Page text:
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Federal Way hearing examiner rules on High Point project appeals
After one year of controversy, a public meeting, two project appeals, one Hearing Examiner hearing, 18 days of deliberation and one decision, it appears the 308 apartment units that make up the proposed High Point mixed-use project will eventually become a reality.
On Aug. 15, Phil Olbrechts, the city of Federal Way’s Hearing Examiner, issued a 19-page decision on two High Point project appeals that were heard together on July 28. Olbrechts ruled the initial approval of the mitigated determination of non-significance and Process III permit were sustained but with three modifications.
Developer Jack Hunden of DevCo, Inc. is now required to keep several tall laurel trees on the northern side of his property where single family homes abut his property line. He’s also required to prepare a dust control plan that ensures the contaminated dust will not affect the neighboring properties during clean up of the contaminated site. Before he can obtain his grading permit, he must follow the recommendations of a third party report, which includes investigating the southwest corner of the site for contamination, prior to receiving a grading permit.
Hunden declined to speak with the Mirror about the High Point project until mid-September.
More than 80 Federal Way residents opposed the 15-building apartment complex proposal that will cater to low-income tenants because of its close proximity to their neighborhood and its large scale.
The developer proposes the buildings range from three to six stories, which is within zoning code but contrasts with single family homes that abut the north side of the 9.8 acre property, residents say. The project will also include 27,337 square feet of commercial and amenity space with 517 parking spots. The property is currently owned by Federal Way Public Schools and was once a transportation center for school buses.
Federal Way resident Leah Boehm-Brady filed an appeal on May 1 on the city’s environmental threshold determination and an appeal on June 19 on the land-use decision for the High Point project.
Ultimately, appellants wanted the Department of Ecology to take the lead on the cleanup action plan so that they could include a public participation plan. Many worried the current plan failed to identify all of the contaminants, which include benzene, toulene, ethyl benzene and xylene and that the developer has too much self-interest to objectively do its own cleanup plan.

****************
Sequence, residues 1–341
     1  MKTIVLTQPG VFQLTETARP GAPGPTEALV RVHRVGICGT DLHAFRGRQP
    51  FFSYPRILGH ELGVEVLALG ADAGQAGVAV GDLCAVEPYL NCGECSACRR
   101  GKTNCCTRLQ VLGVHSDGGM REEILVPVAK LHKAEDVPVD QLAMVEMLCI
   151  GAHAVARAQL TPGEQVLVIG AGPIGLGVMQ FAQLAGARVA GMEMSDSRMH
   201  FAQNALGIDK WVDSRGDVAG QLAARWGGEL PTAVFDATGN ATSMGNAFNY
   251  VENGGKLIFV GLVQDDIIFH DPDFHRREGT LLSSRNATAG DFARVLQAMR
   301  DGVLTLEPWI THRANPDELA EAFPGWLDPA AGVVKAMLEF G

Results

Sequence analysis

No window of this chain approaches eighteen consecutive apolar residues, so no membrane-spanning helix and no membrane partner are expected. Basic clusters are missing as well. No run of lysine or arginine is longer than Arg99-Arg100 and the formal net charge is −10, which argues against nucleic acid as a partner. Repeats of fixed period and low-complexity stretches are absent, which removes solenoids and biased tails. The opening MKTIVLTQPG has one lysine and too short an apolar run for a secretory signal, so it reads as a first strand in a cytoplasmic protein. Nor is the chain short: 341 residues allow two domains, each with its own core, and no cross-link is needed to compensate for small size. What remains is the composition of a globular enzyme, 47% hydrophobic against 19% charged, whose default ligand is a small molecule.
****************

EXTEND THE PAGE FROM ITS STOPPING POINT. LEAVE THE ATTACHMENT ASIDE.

Because the appellants’ expert witness Greg Wingard was unable to attend the hearing, his testimony was thrown out and deemed hearsay. Wingard works with King County Councilman Larry Phillips and alleged the contamination is likely worse than the initial data.
However, Olbrechts said “the appellants do raise a troubling issue regarding the potential for undiscovered contaminants located below impervious surfaces.”
“When the examiner asked the applicant’s expert Thomas Morin about this issue, he simply responded that it was very unlikely that any additional contaminants would be discovered,” the decision states. “This is not very reassuring testimony.”
Because of this, the hearing examiner ruled the city’s third party reviewer Jon Sondergaard’s recommendation report should be added as an additional SEPA (State Environmental Policy Act) mitigated measure.
Additionally, it was ruled the Department of Ecology’s oversight would be no more intense than a third party reviewer and requesting a public participation plan was outside of the SEPA appeal’s criteria.
“The only thing I can be pleased with is that we were able to save part of the hedge, part of the buffer,” said Boehm-Brady.
Olbrechts ruled in favor of the 50-plus appellants in their assertion that the developer keep the trees between the proposed project and the neighborhood to the north as a way to retain some privacy.
The hearing examiner described this as the most “significant and complicated issue” of the application because the city has detailed tree retention and landscaping requirements.
The developer was originally allowed to remove trees on the property as long as he replanted some along the property line.
“Given the city’s Comprehensive Plan policies that strongly encourage the protection of the city’s neighborhoods, it is reasonable to conclude that the City Council did not intend its regulations to preclude a vegetative buffer retention requirement,” the decision states. “… Planting new 16-25 foot trees cannot be reasonably required of an applicant. Retaining existing trees of that height, however, is eminently reasonable. The conditions of approval require retention of the laurel trees within the 11.25 to 15 foot buffers located along the northern property line.”